- n. A formal or artificial form of communicating prevalent in institutes of higher education.
- From academe + -ese (“language of”) (Wiktionary)
“The paper's advice: focus on the inventors behind the intellectual property, be ready to make a deal, and excise "academese" from your business plan.”
“Clever but accessible, Wallace eschews what he calls "academese," and even when using words like "belletristic" or "ethicopolitical" he sounds neither confusing nor pretentious.”
“Anyone who has been put off Anglo-Saxon poetry because of the stiffness or academese of older translations will discover much to enjoy in "The Word Exchange.”
“So using “academese” might reasonably indicate higher intelligence.”
“So, no, the use academese indicates no more than slight intelligence: an IQ of 120 is perfectly adequate to amass a vocabulary of vaguely understood long words and string them together in a way that will pass muster with like intellects.”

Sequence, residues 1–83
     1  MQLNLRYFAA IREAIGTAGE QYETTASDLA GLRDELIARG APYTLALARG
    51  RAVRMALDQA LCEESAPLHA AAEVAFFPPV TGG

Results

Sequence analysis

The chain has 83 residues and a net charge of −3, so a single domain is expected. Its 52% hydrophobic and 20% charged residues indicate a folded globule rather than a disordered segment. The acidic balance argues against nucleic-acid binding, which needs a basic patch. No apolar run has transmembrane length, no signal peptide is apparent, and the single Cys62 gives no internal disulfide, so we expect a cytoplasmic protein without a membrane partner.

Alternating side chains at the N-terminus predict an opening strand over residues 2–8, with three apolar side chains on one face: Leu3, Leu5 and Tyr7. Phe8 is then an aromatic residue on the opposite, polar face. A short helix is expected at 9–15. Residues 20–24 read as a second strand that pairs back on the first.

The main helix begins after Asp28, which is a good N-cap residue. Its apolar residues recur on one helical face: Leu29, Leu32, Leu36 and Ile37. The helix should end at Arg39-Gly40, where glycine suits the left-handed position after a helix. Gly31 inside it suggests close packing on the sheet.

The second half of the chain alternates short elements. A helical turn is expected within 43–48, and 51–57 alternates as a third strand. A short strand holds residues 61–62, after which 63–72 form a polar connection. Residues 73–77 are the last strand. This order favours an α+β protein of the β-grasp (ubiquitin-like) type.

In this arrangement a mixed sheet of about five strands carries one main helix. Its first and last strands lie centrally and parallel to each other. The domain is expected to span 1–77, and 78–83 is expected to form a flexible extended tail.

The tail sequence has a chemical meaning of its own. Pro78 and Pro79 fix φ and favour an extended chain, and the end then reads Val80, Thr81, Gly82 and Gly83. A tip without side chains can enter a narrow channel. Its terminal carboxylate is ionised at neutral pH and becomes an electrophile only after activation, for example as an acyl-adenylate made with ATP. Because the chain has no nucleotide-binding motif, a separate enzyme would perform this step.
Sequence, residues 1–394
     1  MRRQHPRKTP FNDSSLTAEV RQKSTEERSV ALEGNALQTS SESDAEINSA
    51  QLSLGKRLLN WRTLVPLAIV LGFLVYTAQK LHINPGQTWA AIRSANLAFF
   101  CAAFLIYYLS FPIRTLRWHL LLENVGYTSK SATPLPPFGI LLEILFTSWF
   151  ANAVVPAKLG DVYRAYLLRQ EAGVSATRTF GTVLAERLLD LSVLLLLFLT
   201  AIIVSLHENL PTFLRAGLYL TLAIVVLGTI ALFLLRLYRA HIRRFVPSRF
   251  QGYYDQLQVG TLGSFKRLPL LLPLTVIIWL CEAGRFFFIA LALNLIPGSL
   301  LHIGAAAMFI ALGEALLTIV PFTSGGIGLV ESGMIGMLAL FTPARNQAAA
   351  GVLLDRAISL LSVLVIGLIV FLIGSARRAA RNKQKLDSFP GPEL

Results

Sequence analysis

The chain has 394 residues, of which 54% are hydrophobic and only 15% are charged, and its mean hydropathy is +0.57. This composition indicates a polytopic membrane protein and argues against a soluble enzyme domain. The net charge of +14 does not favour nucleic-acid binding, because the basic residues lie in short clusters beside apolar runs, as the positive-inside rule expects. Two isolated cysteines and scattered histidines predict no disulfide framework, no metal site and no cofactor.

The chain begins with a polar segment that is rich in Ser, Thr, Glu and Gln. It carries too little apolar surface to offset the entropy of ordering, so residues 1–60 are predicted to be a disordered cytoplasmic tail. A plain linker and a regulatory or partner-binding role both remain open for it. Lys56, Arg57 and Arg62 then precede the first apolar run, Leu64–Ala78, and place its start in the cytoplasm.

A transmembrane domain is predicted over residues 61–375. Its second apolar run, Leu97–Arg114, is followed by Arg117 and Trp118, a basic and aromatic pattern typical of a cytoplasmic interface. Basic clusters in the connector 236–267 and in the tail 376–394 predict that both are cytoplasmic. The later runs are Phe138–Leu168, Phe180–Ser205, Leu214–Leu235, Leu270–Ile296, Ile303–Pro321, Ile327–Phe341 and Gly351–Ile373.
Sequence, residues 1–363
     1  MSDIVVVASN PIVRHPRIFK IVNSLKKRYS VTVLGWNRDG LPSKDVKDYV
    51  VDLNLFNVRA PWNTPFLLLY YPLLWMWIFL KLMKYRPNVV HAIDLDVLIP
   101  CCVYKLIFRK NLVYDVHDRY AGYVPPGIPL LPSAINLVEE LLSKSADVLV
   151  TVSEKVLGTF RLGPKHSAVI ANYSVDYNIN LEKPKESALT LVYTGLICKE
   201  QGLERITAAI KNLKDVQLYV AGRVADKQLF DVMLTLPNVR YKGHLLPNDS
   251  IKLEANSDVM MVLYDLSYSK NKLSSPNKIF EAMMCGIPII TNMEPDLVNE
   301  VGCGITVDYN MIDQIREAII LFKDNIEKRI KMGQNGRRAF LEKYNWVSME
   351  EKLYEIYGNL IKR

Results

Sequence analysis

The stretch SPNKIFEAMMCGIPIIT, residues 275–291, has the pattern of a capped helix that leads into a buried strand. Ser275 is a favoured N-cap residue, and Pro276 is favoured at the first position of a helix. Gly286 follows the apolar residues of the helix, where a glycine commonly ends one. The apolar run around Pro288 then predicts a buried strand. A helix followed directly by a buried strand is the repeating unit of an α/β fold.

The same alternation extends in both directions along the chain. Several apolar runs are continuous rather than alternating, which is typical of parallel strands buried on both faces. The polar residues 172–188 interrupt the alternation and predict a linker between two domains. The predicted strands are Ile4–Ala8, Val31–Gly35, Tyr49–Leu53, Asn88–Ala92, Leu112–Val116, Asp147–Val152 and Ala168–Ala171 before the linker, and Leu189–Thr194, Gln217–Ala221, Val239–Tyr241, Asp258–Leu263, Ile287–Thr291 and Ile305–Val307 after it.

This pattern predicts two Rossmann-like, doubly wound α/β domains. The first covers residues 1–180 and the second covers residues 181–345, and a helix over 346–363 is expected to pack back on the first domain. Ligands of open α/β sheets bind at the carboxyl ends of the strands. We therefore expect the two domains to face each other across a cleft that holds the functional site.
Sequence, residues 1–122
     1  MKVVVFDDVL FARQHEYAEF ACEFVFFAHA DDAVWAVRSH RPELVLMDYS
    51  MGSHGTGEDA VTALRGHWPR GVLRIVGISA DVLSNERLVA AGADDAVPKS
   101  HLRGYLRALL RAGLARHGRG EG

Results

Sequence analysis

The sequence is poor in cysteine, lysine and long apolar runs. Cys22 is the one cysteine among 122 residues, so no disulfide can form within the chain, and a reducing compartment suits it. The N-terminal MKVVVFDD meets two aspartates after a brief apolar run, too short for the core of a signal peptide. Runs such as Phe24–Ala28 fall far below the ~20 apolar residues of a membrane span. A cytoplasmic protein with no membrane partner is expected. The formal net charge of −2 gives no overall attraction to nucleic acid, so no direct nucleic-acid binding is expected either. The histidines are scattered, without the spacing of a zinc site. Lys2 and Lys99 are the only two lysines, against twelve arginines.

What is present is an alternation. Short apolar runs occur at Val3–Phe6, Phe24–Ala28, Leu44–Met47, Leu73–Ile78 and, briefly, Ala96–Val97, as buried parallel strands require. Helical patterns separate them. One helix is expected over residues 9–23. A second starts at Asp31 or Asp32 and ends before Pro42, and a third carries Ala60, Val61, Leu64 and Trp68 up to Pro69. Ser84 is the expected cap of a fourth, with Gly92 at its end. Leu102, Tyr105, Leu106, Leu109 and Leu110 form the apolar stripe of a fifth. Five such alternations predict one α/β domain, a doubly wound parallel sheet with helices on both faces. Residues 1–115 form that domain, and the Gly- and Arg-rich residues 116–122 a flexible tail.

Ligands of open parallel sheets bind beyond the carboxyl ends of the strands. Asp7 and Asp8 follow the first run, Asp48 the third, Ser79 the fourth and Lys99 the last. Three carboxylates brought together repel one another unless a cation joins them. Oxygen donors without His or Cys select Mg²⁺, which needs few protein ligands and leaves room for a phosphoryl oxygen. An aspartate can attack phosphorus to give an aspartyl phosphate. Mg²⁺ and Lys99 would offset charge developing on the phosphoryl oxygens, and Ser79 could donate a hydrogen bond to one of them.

“And making up words like "Islamo-Fascim" in true academese?”
“The stories in Oblivion remain cold, needlessly dense, mired in academese and marketing jargon, and are, for the most part, all fixated on the same cartoonish emotion of detached anxiety.”
“I was further put off by the introduction, in which — in that self-conscious combination of academese and the colloquial of which professors are now so fond — the editors explain that the book "is a mapping of Chicago's geographic turf, complemented by a comparable cartography of boundaries that are more conceptual and topical than spatial.”
“If I had to choose between having to read Freedman's horrible, clunky academese, or to wear a hairshirt...”
“Professor Elinor Ostrom of Indiana University, the great pioneer of commons scholarship or in academese, ‚Äö√Ñ√∫common-pool resources‚Äö√Ñ√π, gave a rich overview of the principles that define the commons.”
These user-created lists contain the word ‘academese’.
Words taken from Infinite Jest by David Foster Wallace.
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